The test to be reported on in this paper was designed to evaluate certain assumptions about the effects of cortical brain damage in humans. It is hoped that eventually the degree of differentiation will be accurate enough to justify the use of the instrument as a diagnostic tool. Therefore a control group was used typical of the type of patient population from which the usual differential diagnosis is made.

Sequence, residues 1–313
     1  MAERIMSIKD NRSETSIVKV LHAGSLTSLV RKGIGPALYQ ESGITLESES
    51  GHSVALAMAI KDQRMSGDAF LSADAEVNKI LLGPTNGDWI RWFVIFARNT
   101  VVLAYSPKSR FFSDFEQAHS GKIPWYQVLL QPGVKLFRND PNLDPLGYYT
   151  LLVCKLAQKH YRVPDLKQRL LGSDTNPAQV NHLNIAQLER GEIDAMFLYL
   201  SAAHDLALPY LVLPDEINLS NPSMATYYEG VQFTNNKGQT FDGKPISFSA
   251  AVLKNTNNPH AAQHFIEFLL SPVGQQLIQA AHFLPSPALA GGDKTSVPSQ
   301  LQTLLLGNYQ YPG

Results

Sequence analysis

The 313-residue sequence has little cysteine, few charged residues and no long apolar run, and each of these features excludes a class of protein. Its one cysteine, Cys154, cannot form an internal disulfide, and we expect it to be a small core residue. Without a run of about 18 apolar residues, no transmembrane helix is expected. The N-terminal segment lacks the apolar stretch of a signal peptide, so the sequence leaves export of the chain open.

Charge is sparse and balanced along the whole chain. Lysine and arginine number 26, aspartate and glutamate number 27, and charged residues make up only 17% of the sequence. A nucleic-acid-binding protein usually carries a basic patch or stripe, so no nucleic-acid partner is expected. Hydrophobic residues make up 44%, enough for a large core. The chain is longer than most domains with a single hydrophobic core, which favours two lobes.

The test was designed to sample four areas shown by animal and human experiments to be sensitive to organic brain damage. These are visual-motor speed, learning, memory, and flexibility.
Visual-motor speed, as measured by the digit symbol test, is an ability severely affected by factors interfering with intellectual efficiency. Busse, Barnes, Friedman, and Kelty (1956) showed this test to be most severely affected by the aging process. Cohen’s (1957) factor analysis of the WAIS indicates that